Goudarz Eghtedari, an Iranian native and political analyst who moved to the United States 20 years ago, hosts a Web-based talk show in Portland, Ore., called “Voices of the Middle East.” In an interview with The Washington Diplomat, Eghtedari said the U.S. approach in Iran is noble but flawed, and that bellicose statements about Iran by U.S. officials are not congruous with efforts to instill democracy.
President Bush famously declared Iran to be part of an “axis of evil” in his 2002 State of the Union speech, and Vice President Dick Cheney has repeatedly said that a military strike against Iran is not out of the question.
“The goal of democracy promotion is really lost in the agenda of regime change,” Eghtedari said, adding that Iranians who favor regime change and a more genuine democracy are afraid to accept U.S. assistance for fear of ending up imprisoned or worse.
“In order for a democracy to evolve inside Iran it needs to have some basis inside the country—some people who can support it,” he said. “But with the rhetoric that’s being used, people don’t dare associate themselves with any of the projects.”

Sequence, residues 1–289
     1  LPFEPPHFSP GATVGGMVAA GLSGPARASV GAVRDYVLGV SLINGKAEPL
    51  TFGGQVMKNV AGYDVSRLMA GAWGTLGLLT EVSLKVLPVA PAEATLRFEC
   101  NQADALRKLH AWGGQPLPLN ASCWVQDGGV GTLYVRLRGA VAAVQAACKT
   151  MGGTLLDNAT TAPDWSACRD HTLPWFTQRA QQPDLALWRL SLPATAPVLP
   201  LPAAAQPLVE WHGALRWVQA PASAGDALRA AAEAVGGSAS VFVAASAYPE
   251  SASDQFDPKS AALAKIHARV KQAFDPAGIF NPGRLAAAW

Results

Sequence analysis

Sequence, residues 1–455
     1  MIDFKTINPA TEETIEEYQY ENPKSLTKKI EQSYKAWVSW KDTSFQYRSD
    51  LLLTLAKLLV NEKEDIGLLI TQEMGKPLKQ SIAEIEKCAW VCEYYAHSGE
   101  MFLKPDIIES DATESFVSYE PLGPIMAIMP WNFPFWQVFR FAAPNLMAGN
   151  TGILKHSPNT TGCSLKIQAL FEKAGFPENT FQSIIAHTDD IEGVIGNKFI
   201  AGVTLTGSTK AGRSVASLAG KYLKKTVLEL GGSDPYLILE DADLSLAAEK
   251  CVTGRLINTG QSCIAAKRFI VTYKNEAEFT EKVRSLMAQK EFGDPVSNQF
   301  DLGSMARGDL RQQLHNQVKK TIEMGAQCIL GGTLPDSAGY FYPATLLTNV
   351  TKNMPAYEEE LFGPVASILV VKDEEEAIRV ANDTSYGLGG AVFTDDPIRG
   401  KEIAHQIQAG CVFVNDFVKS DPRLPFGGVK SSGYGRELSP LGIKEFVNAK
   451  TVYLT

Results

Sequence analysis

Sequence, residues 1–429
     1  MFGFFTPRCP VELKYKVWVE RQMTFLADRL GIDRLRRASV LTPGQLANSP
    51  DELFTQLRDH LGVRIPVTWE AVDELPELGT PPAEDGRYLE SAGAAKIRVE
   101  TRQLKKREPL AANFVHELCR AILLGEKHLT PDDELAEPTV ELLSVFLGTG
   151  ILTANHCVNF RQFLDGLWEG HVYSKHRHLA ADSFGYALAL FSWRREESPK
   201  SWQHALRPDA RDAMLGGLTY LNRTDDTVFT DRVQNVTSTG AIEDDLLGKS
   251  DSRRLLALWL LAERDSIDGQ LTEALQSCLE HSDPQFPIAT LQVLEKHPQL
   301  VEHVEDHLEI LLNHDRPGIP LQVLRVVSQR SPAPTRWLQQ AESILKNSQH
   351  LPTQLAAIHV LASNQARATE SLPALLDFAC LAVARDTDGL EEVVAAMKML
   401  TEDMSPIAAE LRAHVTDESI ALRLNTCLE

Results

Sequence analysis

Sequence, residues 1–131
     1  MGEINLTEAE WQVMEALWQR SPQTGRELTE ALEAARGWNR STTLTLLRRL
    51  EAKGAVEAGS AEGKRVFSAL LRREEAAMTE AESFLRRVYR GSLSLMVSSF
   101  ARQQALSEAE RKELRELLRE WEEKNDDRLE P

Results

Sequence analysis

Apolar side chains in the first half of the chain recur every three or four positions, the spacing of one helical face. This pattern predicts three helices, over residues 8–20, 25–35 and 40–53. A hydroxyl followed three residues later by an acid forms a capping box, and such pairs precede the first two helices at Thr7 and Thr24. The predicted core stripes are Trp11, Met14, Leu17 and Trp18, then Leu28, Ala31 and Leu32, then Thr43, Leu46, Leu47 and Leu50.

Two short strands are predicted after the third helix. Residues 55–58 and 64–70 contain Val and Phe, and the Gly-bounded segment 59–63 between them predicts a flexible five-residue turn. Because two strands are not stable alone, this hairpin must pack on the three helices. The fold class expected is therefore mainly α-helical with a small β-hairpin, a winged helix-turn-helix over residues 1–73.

Iran and the United States broke off diplomatic relations following the 1979 seizure of the U.S. Embassy in Tehran, and tensions have escalated dramatically in recent years because of U.S. insistence that Iran not develop nuclear weapons.
Michael McFaul, a senior fellow at the Hoover Institution and a political science professor at Stanford University, said a return to diplomacy might go a long way toward achieving democratic reform in Iran. The United States has in recent months signaled a willingness to engage Iran—diplomacy that has been lacking since Bush’s 2002 State of the Union speech. Several U.S. presidential candidates, including former U.N. Ambassador and current New Mexico Gov. Bill Richardson, have also called for new diplomacy with Iran.
“All these programs would be much easier to do if we had a diplomatic relationship with Iran,” McFaul told The Diplomat. “If we had more transparency about what is actually going on, it would actually help the democrats inside Iran, rather than hurt them.
“It’s very, very, very rare that external actors play a direct role in democratization,” McFaul added. “It’s almost always through cooperating with domestic actors. They are the ones who are going to make democracy work or not, so those are the people we should be listening to in the way we make our foreign policy.”